The Workplace Safety and Insurance Board (WSIB) has become a vast provincial
government bureaucracy that is quickly becoming a danger to the Ontario government,
taxpayers, businesses and insured workers. In fact, over the course of the last 25
years, the WSIB have had significant challenges fulfilling its obligations.

In the 2009-2010 Annual Report of the Auditor General of Ontario, the Workplace
Safety and Insurance Board (WSIB) was identified as being severely underfunded. In
fact, the WSIB’s target date for eliminating the liability has now been pushed back from
2014 to 2022.

According to the report, as of December 31, 2008, the WSIB underfunded liability
topped $11.5 billion – an increase of $3.4 billion or 42% over the previous year.
Furthermore, if WSIB operations were included in the province’s financial statements,
Ontario’s reported accumulated deficit of $113.2 billion would be increased by more
than 10%.

As a trust, the WSIB has been overlooked when the auditor general prepares his report,
but given the unique economic situation and recent public management challenges with
the WSIB, it is time to review its role, structure and overall success.

There are three ways to address the liability: raise premiums, reduce benefits, or
increase investment income. At the same time, it is obvious that increasing premiums
or reducing benefits will continue to prove difficult since experience has shown the
inherent political, social and economic sensitivity of implementing changes to either.
Similarly, the third option – increasing investment income – remains a sensitive issue.
In the wake of last year’s market meltdown, the WSIB lost 15.5 per cent of its

What is clear is that the continued practice of shifting money from investments toward
paying ongoing benefits is unsustainable. In fact, Section 1 of the Workplace Safety &
Insurance Act states that the WSIB is to administer the system “in a financially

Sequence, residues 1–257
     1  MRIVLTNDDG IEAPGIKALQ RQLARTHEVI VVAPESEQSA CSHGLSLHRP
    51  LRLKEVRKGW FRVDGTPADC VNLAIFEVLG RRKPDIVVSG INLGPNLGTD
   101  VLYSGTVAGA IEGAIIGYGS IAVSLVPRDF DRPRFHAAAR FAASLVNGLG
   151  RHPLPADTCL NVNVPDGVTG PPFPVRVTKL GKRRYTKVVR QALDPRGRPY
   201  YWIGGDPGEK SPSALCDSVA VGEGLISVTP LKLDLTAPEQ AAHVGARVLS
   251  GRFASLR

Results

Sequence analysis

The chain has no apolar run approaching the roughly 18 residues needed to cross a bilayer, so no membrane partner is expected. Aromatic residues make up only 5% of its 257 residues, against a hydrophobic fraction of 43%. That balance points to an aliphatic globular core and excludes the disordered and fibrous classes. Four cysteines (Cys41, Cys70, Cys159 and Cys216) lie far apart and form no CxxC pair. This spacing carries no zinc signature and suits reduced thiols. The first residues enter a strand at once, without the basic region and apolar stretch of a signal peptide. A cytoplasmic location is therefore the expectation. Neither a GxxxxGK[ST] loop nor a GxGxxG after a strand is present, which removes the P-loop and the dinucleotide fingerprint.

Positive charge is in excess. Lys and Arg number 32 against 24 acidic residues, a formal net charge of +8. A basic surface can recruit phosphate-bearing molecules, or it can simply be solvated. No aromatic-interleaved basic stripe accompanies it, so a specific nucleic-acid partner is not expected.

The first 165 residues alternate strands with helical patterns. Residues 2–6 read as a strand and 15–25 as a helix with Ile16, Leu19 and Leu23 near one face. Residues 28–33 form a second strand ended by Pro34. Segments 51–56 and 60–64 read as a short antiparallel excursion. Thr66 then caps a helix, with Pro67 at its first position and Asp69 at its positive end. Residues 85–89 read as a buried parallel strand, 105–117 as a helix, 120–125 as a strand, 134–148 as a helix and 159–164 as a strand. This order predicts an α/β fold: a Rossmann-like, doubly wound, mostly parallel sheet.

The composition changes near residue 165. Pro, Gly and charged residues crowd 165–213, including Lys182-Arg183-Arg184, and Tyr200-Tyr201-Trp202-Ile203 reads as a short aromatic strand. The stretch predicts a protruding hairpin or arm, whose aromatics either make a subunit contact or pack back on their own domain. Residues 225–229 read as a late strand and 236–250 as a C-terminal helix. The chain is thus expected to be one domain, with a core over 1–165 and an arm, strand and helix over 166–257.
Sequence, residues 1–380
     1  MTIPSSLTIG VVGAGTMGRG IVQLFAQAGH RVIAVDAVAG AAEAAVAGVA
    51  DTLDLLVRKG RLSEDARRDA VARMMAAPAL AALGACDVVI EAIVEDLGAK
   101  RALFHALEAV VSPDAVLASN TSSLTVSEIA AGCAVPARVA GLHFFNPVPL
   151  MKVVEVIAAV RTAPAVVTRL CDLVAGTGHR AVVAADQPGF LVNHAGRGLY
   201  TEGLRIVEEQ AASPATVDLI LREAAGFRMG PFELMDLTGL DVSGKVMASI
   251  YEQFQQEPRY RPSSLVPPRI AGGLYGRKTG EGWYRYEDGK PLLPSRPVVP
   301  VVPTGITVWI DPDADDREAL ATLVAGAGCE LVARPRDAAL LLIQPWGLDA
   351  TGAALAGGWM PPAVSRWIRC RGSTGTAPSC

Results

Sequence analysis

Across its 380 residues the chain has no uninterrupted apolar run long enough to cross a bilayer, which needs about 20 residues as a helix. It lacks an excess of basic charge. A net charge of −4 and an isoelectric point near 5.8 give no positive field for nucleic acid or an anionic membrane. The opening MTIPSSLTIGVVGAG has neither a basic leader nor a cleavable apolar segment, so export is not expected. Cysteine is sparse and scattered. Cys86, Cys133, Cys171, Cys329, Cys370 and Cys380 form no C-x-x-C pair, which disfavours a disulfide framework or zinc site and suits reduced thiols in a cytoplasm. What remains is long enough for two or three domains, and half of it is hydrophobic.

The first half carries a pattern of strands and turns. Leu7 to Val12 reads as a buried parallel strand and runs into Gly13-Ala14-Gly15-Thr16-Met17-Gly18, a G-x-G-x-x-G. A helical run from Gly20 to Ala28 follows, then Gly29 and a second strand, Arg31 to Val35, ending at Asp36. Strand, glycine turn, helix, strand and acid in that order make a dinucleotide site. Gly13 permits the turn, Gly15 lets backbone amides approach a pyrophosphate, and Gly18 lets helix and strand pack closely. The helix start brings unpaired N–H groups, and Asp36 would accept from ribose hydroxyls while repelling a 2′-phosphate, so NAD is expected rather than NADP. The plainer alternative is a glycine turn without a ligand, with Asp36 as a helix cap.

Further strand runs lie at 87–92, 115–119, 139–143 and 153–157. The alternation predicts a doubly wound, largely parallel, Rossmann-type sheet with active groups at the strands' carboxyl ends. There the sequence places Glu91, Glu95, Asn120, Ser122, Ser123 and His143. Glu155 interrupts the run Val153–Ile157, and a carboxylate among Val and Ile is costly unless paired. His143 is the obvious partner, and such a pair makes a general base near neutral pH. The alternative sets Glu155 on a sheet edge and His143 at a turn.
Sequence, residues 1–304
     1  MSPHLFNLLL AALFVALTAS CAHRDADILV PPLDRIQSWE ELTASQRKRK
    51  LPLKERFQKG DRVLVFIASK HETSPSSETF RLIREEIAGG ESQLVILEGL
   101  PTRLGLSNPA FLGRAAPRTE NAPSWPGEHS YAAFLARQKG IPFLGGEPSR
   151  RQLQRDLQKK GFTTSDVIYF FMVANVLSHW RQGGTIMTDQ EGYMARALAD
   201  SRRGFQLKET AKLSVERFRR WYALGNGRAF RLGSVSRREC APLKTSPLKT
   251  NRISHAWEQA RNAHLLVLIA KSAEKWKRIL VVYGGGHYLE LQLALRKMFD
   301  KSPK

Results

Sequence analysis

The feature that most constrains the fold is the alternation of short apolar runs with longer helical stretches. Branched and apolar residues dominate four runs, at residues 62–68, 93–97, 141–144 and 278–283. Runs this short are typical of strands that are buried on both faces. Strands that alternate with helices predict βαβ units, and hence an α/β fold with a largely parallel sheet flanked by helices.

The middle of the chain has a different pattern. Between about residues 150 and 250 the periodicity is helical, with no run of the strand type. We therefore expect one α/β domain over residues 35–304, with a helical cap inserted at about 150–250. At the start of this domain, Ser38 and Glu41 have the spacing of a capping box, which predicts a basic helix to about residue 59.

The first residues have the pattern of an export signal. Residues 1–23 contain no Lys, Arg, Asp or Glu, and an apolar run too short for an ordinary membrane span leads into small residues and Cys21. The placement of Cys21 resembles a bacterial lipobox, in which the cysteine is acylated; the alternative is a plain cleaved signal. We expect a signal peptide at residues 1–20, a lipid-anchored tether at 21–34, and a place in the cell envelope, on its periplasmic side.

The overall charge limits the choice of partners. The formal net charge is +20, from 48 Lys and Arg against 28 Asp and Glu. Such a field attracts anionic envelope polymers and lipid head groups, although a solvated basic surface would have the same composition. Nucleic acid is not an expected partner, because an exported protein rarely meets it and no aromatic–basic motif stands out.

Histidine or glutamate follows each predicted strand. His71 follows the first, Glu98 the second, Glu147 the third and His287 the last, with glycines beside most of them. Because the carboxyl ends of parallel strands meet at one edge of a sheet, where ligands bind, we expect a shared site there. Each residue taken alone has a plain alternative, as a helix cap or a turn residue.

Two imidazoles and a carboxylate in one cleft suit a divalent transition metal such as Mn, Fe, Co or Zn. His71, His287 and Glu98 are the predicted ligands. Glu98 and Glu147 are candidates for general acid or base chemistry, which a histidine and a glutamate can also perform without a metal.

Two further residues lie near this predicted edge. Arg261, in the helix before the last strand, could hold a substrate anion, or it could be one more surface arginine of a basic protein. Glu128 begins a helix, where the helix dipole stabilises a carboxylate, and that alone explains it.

responsible and accountable manner.” It is time the Ontario government directly
addressed the problem by passing legislative changes to reduce benefits and employer
premiums and refocus the system on prevention and an early return to work.

It is important to promote safe workplaces in Ontario and broad insurance coverage for
workplace-related injuries and illnesses. However, a legislated monopoly for the WSIB
on workplace insurance is not the only best answer for enhancing workplace safety and
protecting worker’s income. The Ontario Chamber of Commerce supports competition
in the marketplace and the ability for employers to choose from a range of options to
achieve these results. If the WSIB model truly represents the best coverage at the
lowest price, employers will choose WSIB coverage over others. Competition, flexibility
and choice are the hallmarks of a good system.

The Ontario Chamber of Commerce urges the Government of Ontario to:

1. Approve legislation that prescribes the reduction of benefits and employer premiums and compels the Workplace Safety and Insurance Board (WSIB) to focus on prevention and
worker rehabilitation;

2. Ensure that the Workplace Safety and Insurance Board (WSIB) is included in all
subsequent annual auditor general reports;

3. Immediately initiate a study to determine the benefits and consequences associated with
privatizing the Workplace Safety and Insurance Board (WSIB);

4. Withdraw the impending regulation that will require all construction-related businesses to pay for Workplace Safety and Insurance Board (WSIB) coverage and reinstate the
current policy of allowing employers the option to participate; and

5. Allow employers to opt out of WSIB and use private insurers where there is equal or
better coverage, to allow for competition in the marketplace.